Congressional hopeful may surprise you

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 Column as I see ’em …

The newspaper industry is dying, which is why there is a ridiculous number of paid inserts in this week’s paper.

There are so many, in fact, that we had to print this week’s paper Monday instead of Tuesday.

If only actual death were so profitable.

The fear, and it’s real, on the part of the ink-stained wretches or operator of our printing plant in Cynthiana, is that the machine that shoves all of those inserts into the newspaper will break down, leaving them hopelessly unable to finish the job in time to get thousands of subscriptions to the post office on time for Wednesday’s mail.

That fear is real because that’s exactly what happened a few years ago. We did our level best — the staff here was literally chasing down mail carriers already on their routes and handing them bundles of newspapers — to get the papers out on time, many of our faithful subscribers didn’t get their papers until Friday, the day after Thanksgiving.

That not only frustrated the tarnation out of our readers, it left those who spend money pitching their Black Friday sales bug-eyed with anger.

Yours truly had, as Lucy told Ricky, lots of ’splainin to do for something I had absolutely no control over.

I run the risk of boring you with all of this inside baseball information because that same early deadline forced me to put on hold two significant news stories.

One is an in-depth look at school bus safety after state inspectors showed up a couple of weeks ago and took several buses off the road. After a week of filing open records requests and otherwise bugging the life out of Superintendent Sheila Mitchell, I finally secured most of the documents I needed late Thursday afternoon. 

That’s a fairly significant stack of paperwork to sort through and there simply wasn’t enough time to interview Sheila — I’ve already interviewed some bus garage folks who blew the whistle on some of these problems — and compose an accurate news story.

It will be in next week’s paper, and I can tell you right now it’s a real eye-opener.

Another good one I had to put on hold until next week is a story about Amy McGrath, the retired Marine Corps lieutenant colonel and fighter pilot gunning for the seat in Congress currently occupied by Andy Barr.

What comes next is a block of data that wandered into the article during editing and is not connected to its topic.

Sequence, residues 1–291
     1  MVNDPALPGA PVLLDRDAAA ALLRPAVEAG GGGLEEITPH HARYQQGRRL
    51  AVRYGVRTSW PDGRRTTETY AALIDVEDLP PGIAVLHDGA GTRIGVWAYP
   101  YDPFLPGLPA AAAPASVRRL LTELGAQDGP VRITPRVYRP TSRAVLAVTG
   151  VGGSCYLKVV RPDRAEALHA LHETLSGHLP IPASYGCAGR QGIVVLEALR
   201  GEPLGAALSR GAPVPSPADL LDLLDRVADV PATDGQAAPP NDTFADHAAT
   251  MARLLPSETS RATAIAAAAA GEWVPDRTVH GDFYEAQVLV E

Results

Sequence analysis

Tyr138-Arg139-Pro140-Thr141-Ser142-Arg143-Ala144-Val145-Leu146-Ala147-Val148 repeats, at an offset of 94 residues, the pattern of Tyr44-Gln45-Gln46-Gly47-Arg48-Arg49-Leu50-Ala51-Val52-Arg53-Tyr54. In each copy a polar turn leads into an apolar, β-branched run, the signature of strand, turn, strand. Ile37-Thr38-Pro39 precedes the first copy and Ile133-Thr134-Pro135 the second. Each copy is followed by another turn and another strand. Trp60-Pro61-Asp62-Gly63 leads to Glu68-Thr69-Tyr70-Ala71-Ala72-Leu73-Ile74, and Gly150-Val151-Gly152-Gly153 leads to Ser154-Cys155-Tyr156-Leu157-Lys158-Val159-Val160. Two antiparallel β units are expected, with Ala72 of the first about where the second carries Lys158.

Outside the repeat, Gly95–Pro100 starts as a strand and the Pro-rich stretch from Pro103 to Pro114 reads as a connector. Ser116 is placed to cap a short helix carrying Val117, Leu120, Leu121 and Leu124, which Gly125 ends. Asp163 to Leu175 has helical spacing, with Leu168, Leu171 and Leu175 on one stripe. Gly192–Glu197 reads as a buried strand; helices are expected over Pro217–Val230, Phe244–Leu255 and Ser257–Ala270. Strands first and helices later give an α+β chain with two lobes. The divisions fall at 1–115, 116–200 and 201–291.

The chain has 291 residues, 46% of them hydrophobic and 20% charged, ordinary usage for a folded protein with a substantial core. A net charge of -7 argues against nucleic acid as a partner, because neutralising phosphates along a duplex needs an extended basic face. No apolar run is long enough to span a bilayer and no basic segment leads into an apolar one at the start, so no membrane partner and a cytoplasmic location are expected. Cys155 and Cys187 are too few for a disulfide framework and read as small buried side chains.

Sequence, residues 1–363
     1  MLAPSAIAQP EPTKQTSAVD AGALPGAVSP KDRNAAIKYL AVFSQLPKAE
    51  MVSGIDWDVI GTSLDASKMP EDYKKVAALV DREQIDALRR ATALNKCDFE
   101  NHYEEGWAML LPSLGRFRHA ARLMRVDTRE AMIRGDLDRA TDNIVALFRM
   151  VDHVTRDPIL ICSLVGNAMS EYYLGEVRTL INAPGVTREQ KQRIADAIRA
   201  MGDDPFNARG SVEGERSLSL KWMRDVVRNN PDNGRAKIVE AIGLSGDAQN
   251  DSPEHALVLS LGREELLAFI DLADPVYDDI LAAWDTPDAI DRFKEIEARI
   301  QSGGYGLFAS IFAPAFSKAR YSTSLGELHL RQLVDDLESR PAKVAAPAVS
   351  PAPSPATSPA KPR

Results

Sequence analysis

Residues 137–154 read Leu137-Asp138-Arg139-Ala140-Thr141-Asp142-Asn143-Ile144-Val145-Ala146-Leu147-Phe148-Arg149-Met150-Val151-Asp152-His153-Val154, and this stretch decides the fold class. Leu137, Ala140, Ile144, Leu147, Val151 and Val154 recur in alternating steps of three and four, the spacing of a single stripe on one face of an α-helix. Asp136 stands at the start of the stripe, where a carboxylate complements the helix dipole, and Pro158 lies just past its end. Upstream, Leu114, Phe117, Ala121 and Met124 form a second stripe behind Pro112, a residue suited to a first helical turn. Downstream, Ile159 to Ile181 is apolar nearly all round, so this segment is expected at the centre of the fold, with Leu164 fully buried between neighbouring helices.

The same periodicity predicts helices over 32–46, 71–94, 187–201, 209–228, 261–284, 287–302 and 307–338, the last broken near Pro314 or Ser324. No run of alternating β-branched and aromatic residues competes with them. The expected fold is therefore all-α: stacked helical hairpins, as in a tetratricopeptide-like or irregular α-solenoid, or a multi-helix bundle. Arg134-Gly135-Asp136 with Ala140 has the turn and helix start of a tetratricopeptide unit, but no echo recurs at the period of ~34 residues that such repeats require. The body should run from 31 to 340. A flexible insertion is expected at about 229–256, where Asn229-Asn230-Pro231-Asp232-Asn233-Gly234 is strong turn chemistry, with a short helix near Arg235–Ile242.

I sat with her for nearly three hours last Friday and bounced dozens of questions off her ranging from her views of President Trump (spoiler alert: she detests him) to climate change and the recent tax reform bill Barr voted for.

BTW: She’s no fan of Barr, either.

McGrath, a Kentucky native who entered the race with no money and  is given zero chance to win the Democrat primary, has taken her party by storm, thanks to a viral video she used to introduce herself. She’s already making the rounds among national media types, and recently appeared on a Netflix show hosted by Chelsea Handler, whom I’d never heard of but is apparently a smash hit among those who adore lefty comedians.

More importantly, she’s drawing rave reviews from local Democrats who have met her, including a couple of folks in my office who actually posed with her for photos while she was here.

Politics and viewpoints aside, I’ll say this: I’ve interviewed enough politicians to make a skunk hold its nose and found McGrath remarkably straightforward, honest and unafraid to say exactly what’s on her mind. 

Not one of her answers sounded scripted or rehearsed, even knowing full well that some of her responses won’t set will with many of you.

You might be surprised, though, at how many of her positions you might agree with, which apparently has her fully at odds with Democrats at the national level.


Speaking of disagree …

Those familiar with Judicial Watch know it’s political leanings, which are decidedly to the right.

On this week’s front page, you’ll see a news article in which that group calls the state’s voter rolls “dirty,” which they very well may be.

Frankly, I think the group is much more eager to assign that moniker to our secretary of state, who thumbed her nose at it and the Trump administration when it requested voter information that can be purchased, but apparently not shared with a duly constituted federal agency unless the party affiliation matches that of the secretary.


Speaking of voting …

There’s rumbling among county clerks statewide that voters may be able to cast their ballots on what amounts to an iPad next November, and most are far from happy with the idea.

They’re not being technical Neanderthals. Their opposition is with the secretary of state, of course, who comes up with these ideas but has no means of to help fund them.

Please let me know if that comes as a surprise.